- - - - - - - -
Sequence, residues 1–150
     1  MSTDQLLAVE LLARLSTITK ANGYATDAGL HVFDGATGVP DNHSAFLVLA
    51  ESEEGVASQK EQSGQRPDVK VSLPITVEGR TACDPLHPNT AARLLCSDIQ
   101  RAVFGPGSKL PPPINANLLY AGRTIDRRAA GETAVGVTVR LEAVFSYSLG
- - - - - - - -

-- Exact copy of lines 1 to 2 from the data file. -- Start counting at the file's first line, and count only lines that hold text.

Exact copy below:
Sequence, residues 1–150
     1  MSTDQLLAVE LLARLSTITK ANGYATDAGL HVFDGATGVP DNHSAFLVLA